Restore or Restomod: 1950 Ford Country Squire Project – $7,000
Following the end of World War II, automobile manufacturers started moving away from the use of wood-bodied station wagons as they introduced their new post-war designs. One of the earliest examples was Ford’s two-door, wood-sided, Country Squire station wagon exemplified by this 1950 project car currently listed here on Craigslist in Windsor, Vermont equipped with a flat head V8 and an asking price of $7,000. Comparing this price against the Hagerty Insurance Online Valuation Tool confirms this private seller has his 122S priced between the #2 “Excellent” appraisal of $14,700 and the #3 “Good” estimate of $9,000 If you are serious about buying this Volvo, you can start the conversation by either calling or texting Jon at (908) 285-0626. When you do, please remember to mention you saw his coupe featured here on GuysWithRides.com
Somewhat late to the Postwar redesign game, Ford introduced its new line of cars for the 1949 model year. For 1950, expanded their lineup the new Crestliner “sports sedan” (a 2-door sedan with 2-tone paint intended to battle Chevrolet’s popular hardtop coupe of 1950) and the Country Squire, which referred to the 2-door wood-sided station wagon. All wagons received flat-folding middle seats at mid-year, an innovation that would reappear in the minivans of the 1990s. The 1949 and 1950 styling was similar, with a single central “bullet” in the frowning chrome grille. In the center, there was a red space that had either a “6” or an “8” depending on the car’s powertrain. The trim lines were renamed as well, with “Standard” becoming “Deluxe” and “Custom” renamed “Custom Deluxe”. The new Fords also received the now-famous “Ford Crest” which appeared on the division’s vehicles for many decades in one form or another.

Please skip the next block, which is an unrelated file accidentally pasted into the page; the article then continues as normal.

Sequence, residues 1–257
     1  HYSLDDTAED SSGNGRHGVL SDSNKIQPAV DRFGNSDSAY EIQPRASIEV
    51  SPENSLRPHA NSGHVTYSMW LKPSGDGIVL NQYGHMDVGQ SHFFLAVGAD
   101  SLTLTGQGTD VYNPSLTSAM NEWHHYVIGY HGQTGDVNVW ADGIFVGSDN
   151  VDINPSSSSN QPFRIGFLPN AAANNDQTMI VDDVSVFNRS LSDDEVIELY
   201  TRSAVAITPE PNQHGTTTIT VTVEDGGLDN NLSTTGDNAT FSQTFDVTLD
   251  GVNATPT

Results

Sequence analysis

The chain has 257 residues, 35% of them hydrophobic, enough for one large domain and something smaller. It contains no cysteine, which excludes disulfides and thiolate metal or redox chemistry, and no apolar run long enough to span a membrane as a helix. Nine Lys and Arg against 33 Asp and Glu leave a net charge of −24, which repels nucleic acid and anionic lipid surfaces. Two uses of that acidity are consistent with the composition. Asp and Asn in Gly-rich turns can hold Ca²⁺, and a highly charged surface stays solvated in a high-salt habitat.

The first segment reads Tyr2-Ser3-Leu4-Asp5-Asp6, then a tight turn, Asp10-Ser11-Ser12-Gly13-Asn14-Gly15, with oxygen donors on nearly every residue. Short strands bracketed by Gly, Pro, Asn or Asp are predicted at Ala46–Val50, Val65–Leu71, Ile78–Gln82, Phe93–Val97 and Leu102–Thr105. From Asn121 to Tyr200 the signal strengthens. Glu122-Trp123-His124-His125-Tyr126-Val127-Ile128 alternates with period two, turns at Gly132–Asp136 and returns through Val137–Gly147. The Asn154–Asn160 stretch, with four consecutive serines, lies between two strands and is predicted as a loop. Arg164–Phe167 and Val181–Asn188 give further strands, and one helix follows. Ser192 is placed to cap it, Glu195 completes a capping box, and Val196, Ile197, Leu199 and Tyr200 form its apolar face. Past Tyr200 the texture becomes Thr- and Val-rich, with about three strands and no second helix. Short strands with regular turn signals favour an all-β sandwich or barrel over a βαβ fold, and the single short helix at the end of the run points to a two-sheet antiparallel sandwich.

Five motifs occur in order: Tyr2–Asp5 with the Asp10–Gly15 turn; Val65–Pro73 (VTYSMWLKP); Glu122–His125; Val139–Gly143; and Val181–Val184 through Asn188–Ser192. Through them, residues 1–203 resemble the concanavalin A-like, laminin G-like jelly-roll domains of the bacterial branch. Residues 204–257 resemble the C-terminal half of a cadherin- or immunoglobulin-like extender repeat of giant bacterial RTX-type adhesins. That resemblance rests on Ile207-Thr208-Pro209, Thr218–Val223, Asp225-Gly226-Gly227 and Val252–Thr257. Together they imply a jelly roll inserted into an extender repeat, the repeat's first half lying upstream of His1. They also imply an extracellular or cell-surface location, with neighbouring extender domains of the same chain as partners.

Here’s a 1950 Ford Commerical posted on YouTube demonstrating their full-size lines new soft-riding suspension system:
A running project car that you can likely have a great chance of getting road ready over the coming winter. These early 50’s Ford Country Squires look great in either stock or modified form and it’s currently at the point where you can decide to take either path with this car. Good luck with the purchase!
Here’s the seller’s description:
“Starts and runs well. New tires, new windshield, new carb with car, new brakes and master cylinder, new exhaust system. Temporary wiring, good radiator, plaid seat covers. Need to swap front fender and finish restoration.“
Would you continue the restoration of this car or turn into a Hot Rod or Restomod? Comment below and let us know!